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Shale Boom Will Spread Beyond North America Before 2020: IEA
ibtimes.com ^ | June 17 2014 8:45 AM | By Justin Scheck and Benoît Faucon

Posted on 06/22/2014 7:19:56 PM PDT by ckilmer

Shale Boom Will Spread Beyond North America Before 2020: IEA

 
on June 17 2014 8:45 AM
Map of Shale Oil And Gas Deposits
Here's the EIA's latest assessment of where the world's known technically recoverable shale oil and gas deposits are located. The number of countries on the list has nearly doubled since 2011. U.S. Energy Information Administration
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The North American shale boom that has transformed the oil industry here will spread beyond the continent before the end of the decade, the International Energy Agency (IEA) said Tuesday in its annual five-year oil market report.

That’s sooner than IEA previously expected. Techniques like hydraulically fracturing or “fracking” in the U.S. have allowed drillers to extract previously inaccessible oil reserves, which has fueled a surge in production and put the country on track to become the world’s largest oil producer by 2020, according to IEA. Shale production has been slow to spread to other countries though, due to legal, political and investment hurdles.

IEA believes these hurdles are melting faster than expected. Russia and Latin America, for example, are set to encourage fracking technologies on a large scale, and last week, IEA said the Golden Age for natural gas would reach China in the next five years. 

Still, IEA forecasts shale coil production from outside the U.S. at about 650,000 barrels a day by 2019, a small amount compared to the forecasted 5 million barrels a day from the U.S. in 2019. Though IEA expects North America to produce about 20 percent of the world’s oil supply by the end of the decade, it also expects U.S. oil production growth to plateau.

IEA forecasts a slowdown in global oil demand growth, challenges to OPEC oil production capacity growth, and regional imbalances in gasoline and diesel markets.

“We are continuing to see unprecedented production growth from North America, and the United States in particular,” IEA Executive Director Maria van der Hoeven said as she released the report in Paris. “At the same time, while OPEC remains a vital supplier to the market, it faces significant headwinds in expanding capacity.”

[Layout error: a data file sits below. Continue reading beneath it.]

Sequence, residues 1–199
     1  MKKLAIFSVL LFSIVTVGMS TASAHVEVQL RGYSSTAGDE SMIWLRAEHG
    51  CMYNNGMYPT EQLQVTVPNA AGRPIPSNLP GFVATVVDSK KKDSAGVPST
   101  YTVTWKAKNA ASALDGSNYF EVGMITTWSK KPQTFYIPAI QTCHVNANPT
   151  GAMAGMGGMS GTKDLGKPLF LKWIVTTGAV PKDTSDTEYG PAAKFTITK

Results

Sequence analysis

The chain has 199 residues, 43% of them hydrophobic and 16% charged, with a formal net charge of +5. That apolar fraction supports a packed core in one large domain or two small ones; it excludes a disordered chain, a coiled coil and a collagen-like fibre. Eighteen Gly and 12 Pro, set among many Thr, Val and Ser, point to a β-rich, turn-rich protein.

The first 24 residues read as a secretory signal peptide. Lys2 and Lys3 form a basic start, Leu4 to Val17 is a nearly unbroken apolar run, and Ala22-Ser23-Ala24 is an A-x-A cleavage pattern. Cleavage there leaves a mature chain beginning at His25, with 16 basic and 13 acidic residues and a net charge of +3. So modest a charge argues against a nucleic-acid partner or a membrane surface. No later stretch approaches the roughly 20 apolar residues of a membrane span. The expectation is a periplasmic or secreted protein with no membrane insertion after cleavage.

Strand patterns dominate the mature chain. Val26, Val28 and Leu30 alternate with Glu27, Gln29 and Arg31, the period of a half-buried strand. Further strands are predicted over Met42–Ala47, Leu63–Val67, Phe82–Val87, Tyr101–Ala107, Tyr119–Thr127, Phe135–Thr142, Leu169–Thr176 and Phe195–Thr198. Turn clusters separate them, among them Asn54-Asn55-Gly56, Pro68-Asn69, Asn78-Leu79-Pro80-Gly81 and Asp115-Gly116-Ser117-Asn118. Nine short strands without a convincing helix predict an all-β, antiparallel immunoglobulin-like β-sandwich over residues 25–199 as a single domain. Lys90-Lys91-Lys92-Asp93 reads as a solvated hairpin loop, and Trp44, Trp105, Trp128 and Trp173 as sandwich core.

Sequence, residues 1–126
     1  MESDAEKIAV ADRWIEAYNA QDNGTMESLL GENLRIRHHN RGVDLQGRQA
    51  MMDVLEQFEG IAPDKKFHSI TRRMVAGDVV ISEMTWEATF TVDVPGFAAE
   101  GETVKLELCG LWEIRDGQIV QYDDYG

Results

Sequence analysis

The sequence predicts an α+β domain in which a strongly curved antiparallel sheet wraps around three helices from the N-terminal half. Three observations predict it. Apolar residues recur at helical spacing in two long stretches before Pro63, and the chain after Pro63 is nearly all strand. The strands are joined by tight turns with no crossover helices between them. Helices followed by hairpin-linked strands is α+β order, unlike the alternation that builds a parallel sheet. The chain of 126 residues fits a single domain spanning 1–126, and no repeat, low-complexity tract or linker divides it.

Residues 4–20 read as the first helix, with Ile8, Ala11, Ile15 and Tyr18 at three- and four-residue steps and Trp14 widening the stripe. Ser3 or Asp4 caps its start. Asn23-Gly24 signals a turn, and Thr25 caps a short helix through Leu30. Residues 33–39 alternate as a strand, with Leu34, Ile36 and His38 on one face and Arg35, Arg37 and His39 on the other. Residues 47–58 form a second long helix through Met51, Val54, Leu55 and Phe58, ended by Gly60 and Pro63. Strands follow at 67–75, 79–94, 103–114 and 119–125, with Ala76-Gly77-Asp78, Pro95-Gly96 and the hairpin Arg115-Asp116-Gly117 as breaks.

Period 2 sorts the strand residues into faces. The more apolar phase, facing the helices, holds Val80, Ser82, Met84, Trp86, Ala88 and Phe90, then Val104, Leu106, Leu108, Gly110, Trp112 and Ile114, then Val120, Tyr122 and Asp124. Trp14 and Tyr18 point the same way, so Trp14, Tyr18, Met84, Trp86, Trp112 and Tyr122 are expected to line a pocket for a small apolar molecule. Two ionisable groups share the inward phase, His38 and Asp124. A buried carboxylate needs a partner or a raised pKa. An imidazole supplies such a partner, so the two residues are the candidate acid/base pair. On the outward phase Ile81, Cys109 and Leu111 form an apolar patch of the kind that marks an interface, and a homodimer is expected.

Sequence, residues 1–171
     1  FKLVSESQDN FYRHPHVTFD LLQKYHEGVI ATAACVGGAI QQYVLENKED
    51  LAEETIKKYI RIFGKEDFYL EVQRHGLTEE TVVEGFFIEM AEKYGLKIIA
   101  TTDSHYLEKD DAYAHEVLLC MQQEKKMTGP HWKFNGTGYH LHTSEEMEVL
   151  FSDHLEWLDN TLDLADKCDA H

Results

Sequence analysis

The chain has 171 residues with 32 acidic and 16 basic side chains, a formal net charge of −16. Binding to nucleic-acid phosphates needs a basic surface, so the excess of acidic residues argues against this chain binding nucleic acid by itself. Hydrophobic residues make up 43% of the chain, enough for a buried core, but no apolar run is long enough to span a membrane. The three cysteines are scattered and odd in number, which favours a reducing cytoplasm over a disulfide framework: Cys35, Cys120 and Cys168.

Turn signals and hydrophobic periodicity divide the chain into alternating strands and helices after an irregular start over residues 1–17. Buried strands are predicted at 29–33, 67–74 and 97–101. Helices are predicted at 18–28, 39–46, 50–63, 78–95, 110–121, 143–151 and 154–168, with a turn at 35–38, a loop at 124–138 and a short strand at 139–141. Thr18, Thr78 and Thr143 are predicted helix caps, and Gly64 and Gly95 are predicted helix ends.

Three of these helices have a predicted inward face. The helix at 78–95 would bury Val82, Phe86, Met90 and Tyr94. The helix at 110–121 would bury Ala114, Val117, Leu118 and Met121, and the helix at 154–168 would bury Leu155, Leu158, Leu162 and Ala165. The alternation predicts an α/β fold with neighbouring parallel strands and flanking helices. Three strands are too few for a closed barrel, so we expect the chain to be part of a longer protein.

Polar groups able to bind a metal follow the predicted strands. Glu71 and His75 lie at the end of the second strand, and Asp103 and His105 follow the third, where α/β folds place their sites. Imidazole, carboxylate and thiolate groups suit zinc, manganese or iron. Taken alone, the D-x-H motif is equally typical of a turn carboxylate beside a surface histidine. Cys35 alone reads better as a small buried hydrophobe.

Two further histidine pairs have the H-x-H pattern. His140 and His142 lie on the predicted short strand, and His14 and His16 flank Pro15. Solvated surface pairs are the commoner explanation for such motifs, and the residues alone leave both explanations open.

Ageing fields are plaguing almost every OPEC producer, while security concerns have deterred some investment and international oil companies. As much as three-fifths of OPEC’s expected growth in capacity by 2019 is set to come from Iraq, but the forecast was drafted last week before ISIS seized several key cities in northern and central Iraq.


TOPICS: Business/Economy
KEYWORDS: energy; fracking; gas; hydrofrac; naturalgas; oil

1 posted on 06/22/2014 7:19:56 PM PDT by ckilmer
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To: Kennard; thackney; bestintxas; nuke rocketeer; crusty old prospector; Smokin' Joe

mostly what’s fracked overseas before 2020 will be natural gas


2 posted on 06/22/2014 7:25:41 PM PDT by ckilmer (q)
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To: ckilmer
Just think of all the CO2! Oh, the humanity!
3 posted on 06/22/2014 7:29:26 PM PDT by E. Pluribus Unum ("The more numerous the laws, the more corrupt the government." --Tacitus)
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To: ckilmer

I’d understood natural gas to be more of a byproduct of the process rather than an objective. Frack for oil, get natural gas as well. Is this incorrect?


4 posted on 06/22/2014 7:30:24 PM PDT by RegulatorCountry
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BFL


5 posted on 06/22/2014 7:32:53 PM PDT by Lurkina.n.Learnin
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To: ckilmer

I read an interesting article on Estonia’s oil shale. It’s shallow and loaded so it’s being mined and either burned directly or being processed. This began well before WWII and both the German and Red Armies ran on the product. Of course at different times during the war. These deposits explain a lot about Putin’s obsession with Estonia.


6 posted on 06/22/2014 7:33:59 PM PDT by JimSEA
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To: ckilmer

That map shows the assessed basins. I bet there are a lot more un-assessed basins that aren’t shown on that map.


7 posted on 06/22/2014 7:52:11 PM PDT by Lurkina.n.Learnin
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To: JimSEA

Yes Estonia has has been mining their oil shale for decades. They have the process pretty well worked out—but it won’t fly in the USA because the EPA won’t allow open pit mining and the prices are too high relative to shale oil. There have been a number of projects ongoing for decades to do the job byo insitu heating the oil shale and melting it underground. But the biggest player in that —shell oil —pulled out last year.